Written by Stephen Messenger
Aside from a gentle rustling in the breeze or the occasional creaking bough, trees are generally nature’s strong and silent types — and as it turns out, they’d probably prefer us to keep the noise to a minimum too. According to some rather surprising results of a new study on the effects of excessive industrial ruckus on flora, even plants are apparently feeling the squeeze from human-generated noise pollution.
Researchers from North Carolina’s National Evolutionary Synthesis Center recently discovered that, despite an absence of ears, plant life cycles are being negatively impacted by persistent loud noises in their neighborhoods, reports the BBC. The team set their sights (and sounds) on a patch of New Mexico forest home to a number of clamorous gas wells and soon learned that the noise pollution made it harder for trees to have sex — because it deterred their reproductive assistants: pollinators.
Hummingbirds in particular, it seems, generally prefer to take their meals away from the hum of industrial machinery. But while it’s hard to blame them for that, it does make it difficult for trees to get together, so to speak.
And the trouble for plants in noisy regions doesn’t end there. Researchers also found that many animals which usually consume and later deposite seeds elsewhere weren’t coming around quite as much to help disperse the tree’s offspring. That’s a serious problem says lead-researcher Clinton Francis:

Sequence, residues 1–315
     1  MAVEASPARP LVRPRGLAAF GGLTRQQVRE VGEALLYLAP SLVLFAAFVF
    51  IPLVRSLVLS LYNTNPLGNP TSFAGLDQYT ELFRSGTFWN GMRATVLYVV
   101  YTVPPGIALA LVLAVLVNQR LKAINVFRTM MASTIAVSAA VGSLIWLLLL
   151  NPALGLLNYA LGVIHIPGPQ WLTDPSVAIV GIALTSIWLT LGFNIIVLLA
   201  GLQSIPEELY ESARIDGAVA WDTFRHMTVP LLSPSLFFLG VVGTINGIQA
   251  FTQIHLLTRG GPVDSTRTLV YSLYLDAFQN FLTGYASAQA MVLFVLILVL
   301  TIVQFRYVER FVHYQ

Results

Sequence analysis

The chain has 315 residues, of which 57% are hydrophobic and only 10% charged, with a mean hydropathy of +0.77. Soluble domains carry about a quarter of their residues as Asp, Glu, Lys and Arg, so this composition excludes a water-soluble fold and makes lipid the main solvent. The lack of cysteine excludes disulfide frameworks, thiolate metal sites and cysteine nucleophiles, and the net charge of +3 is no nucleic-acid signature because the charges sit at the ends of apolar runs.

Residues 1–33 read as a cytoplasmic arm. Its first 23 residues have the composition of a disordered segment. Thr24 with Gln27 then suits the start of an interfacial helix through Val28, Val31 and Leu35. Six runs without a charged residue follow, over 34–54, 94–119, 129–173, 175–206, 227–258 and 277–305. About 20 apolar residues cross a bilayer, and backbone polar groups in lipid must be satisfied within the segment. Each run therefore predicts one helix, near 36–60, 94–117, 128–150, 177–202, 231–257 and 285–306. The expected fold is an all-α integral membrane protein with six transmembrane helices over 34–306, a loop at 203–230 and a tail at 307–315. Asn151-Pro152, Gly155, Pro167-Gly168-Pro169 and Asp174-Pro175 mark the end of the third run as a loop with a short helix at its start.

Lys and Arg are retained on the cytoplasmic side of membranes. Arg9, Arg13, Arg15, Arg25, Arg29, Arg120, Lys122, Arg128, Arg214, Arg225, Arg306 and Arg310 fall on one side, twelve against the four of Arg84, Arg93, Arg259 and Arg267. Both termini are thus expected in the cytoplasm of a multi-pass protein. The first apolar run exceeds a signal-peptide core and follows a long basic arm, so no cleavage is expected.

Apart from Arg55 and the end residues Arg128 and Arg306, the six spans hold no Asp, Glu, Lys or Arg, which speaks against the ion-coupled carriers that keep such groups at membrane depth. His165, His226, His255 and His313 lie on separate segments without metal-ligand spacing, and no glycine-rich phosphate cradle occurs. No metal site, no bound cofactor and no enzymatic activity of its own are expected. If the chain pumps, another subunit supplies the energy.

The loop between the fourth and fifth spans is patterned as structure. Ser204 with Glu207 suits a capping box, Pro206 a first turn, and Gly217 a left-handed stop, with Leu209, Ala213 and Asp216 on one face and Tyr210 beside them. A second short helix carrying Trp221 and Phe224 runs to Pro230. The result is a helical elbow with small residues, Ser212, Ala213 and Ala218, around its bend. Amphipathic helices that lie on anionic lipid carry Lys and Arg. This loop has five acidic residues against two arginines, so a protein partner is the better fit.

“Fewer seedlings in noisy areas might eventually mean fewer mature trees, but because pinon pines are so slow-growing the shift could have gone undetected for years. Fewer pinon pine trees would mean less critical habitat for the hundreds of species that depend on them for survival.”
Unfortunately, given the endless expansion of human activity in formerly tranquil ecosystems, silence is likely to be harder to come by in the future for nearly everyone and everything — and it may be a more difficult problem to curb.
This post was originally published by TreeHugger.
Photo from fatniu via flickr